General Question

luigirovatti's avatar

What do you think about the following thought on night shifts on hospitals?

Asked by luigirovatti (1345points) April 24th, 2019

From what I know, the nights on call, there is fewer personnel, and, consequently, fewer senior doctors to whom the less-experienced resident/intern
(with a medical degree, anyway :-) ) can go and speak to, especially when they’re busy attending. The decisions are all on the less experienced, and I personally think the hospital system COULD be (not should, because, I’ve really no idea
;-) ) better internally structured. I mean, it’s a matter of saving people’s lives, the BEST and the MOST COMPLEX profession the world knows. The hospitals must be 100% efficient, and 100% dependable. That said, I suppose this question calls on the doctors, nurses, residents, etc. here on Fluther. What do you think?

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8 Answers

mazingerz88's avatar

I’m guessing even in the best hospitals daytime is when most of all the patient’s urgent needs are met by all the doctors in charge including lab tests, x-rays or MRIs.

Daytime is when they review the care plans they initiated and they do adjustments accordingly.

At night in the best hospitals, I can only assume they have enough personnel to attend to patients in case of emergencies.

But yes, I do think that in all hospitals a patient can still “fall into a crack” especially if that patient is incapable of advocating for himself and there is no family or friend who knows how to properly advocate for that patient.

kritiper's avatar

Based on my experience back in 2007, many corners are cut on the night shift.

josie's avatar

That is why you hope you have family who can crash at the hospital.

luigirovatti's avatar

I don’t understand the dichotomy family vs fewer personnel.

JLeslie's avatar

Nurses do most of the care anyway.

True if you have something acute happen you might not get the best, most experienced doctor to come to your aide in the middle of the night, but as far as being tended to in a routing way, I think overall that is ok morning or night.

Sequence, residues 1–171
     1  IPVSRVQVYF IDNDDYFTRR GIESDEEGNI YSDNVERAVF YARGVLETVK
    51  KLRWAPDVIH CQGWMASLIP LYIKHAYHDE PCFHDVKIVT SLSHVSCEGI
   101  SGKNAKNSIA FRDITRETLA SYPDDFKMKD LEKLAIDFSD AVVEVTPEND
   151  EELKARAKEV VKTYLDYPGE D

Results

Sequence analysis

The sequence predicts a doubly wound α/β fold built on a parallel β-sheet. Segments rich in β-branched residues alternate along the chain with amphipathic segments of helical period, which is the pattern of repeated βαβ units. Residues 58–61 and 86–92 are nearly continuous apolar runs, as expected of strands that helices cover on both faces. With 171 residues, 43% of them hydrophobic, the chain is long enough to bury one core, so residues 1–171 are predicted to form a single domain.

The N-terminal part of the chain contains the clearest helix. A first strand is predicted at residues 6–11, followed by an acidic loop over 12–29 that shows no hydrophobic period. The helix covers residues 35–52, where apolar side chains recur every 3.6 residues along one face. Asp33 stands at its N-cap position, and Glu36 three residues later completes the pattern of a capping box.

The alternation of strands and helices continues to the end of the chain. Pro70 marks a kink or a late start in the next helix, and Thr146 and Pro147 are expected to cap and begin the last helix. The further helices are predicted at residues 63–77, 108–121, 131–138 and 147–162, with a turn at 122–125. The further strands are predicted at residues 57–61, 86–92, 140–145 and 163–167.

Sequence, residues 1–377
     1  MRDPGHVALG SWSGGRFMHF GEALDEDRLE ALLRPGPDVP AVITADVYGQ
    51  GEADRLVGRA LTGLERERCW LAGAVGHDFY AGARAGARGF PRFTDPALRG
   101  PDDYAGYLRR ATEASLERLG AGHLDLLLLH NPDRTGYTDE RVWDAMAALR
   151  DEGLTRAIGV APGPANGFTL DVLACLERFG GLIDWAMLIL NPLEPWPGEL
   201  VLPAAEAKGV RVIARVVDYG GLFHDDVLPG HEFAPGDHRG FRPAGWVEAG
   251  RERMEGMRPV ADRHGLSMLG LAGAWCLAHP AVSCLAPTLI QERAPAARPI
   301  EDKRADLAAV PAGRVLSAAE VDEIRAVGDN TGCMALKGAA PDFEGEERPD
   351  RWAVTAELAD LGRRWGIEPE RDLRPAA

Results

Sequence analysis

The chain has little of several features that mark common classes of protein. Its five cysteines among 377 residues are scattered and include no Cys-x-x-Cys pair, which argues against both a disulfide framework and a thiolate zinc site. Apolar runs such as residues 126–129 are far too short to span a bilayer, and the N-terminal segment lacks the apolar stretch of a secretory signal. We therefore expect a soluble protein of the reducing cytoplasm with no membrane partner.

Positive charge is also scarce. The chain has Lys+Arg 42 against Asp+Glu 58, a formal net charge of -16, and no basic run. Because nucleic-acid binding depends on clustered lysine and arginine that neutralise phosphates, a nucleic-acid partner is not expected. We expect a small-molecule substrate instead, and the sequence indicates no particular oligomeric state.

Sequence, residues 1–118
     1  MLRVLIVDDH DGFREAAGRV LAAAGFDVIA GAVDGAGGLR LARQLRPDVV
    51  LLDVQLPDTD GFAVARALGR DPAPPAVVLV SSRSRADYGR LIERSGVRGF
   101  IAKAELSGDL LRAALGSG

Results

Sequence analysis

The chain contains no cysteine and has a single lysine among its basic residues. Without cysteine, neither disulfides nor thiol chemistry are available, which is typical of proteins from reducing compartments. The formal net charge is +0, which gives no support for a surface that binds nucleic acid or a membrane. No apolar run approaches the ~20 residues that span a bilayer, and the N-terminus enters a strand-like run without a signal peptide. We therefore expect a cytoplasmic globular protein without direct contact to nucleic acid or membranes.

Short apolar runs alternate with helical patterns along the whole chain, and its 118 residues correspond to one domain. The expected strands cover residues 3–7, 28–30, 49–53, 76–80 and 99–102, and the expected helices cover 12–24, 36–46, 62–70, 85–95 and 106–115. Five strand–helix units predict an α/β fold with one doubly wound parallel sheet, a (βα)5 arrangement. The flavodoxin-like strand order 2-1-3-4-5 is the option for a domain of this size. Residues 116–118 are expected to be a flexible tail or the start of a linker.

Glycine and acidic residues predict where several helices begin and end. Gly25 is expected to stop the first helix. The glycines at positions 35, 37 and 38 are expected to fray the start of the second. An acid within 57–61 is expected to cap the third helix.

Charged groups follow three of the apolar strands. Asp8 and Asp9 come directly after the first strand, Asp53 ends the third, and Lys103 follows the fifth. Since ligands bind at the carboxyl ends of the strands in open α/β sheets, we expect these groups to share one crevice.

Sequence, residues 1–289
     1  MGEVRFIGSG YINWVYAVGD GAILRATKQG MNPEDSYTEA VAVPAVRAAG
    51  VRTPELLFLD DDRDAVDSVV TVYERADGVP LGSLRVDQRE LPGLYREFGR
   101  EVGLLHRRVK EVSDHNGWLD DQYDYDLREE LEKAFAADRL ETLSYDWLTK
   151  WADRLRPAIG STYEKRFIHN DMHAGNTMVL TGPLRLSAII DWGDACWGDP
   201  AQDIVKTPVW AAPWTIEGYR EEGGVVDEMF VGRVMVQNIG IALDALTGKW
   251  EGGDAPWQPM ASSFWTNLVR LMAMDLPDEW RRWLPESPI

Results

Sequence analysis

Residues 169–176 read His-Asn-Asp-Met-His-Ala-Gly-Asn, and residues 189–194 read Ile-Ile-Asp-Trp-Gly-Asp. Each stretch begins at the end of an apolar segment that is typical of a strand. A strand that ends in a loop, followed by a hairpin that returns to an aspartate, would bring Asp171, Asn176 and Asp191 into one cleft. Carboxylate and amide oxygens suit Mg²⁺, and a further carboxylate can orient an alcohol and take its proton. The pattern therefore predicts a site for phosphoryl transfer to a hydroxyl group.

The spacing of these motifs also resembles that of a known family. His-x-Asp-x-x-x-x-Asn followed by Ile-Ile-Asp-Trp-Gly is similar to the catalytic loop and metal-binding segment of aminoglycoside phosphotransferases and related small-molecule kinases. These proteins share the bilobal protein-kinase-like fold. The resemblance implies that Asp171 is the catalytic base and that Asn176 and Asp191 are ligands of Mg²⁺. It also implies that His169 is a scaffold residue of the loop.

You want family there to speak for you when you can’t speak for yourself, or to watch that everything is getting done that should be. Mistakes are made at hospitals to often, and patients are ignored too often.

Cupcake's avatar

I think there are many gaps or flaws in your logic. As @JLeslie pointed out, nurses do most of the care. Physicians don’t NEED to be there around the clock for the VAST MAJORITY of patients. Do you realize that most patients in the hospital have far more chronic health issues than acute health issues? The doctor writes orders, the nurse tends to the ongoing care and follows the orders. The nurse notifies the doctor (usually starting with the doctor on-call with the lowest level of experience and authority) if there is a change in status or emergency.

There are always doctors in the emergency department and emergency staff in other parts of the hospital or on-call who need to be able to be in their role within a certain amount of time (for me it was 30 minutes from being paged).

Most patients in the hospital are lower acuity, relatively stable and sleeping at night. Why would hospitals staff more doctors for that?? You said it yourself, hospitals need to be efficient. That would not be an efficient system. An efficient system uses lower cost labor to fill in the bulk of the work, supervised by higher paid individuals with more experience.

Cupcake's avatar

The family vs. fewer personnel “dichotomy” is largely based on systems from outside of the US, usually in developing countries, where families feed (meaning provide ALL food for) patients and tend to them (provide comfort, blankets, help them go to the bathroom, walk with them, etc.). In some systems, families purchase medication at the pharmacy and bring it back to the hospital (which does not provide medication to patients directly).

The US system is not based on family labor or provision of food/supplies. However, there is an expectation that when able, the family will help with care. For example, pediatric units are built (newer ones, anyway) to accommodate families to stay with the child to provide comfort and basic care. Parents are expected to tend to their newborn during the delivery hospital stay. These are ways in which our system does informally rely on parent/family caregiving in a way that may alleviate some staffing needs. In this way, newborn units are NOT staffed to care for all newborns in the nursery overnight. There is an expectation that most of them will room-in with parents. If that were to change overnight, extra staff would need to be called in from home.

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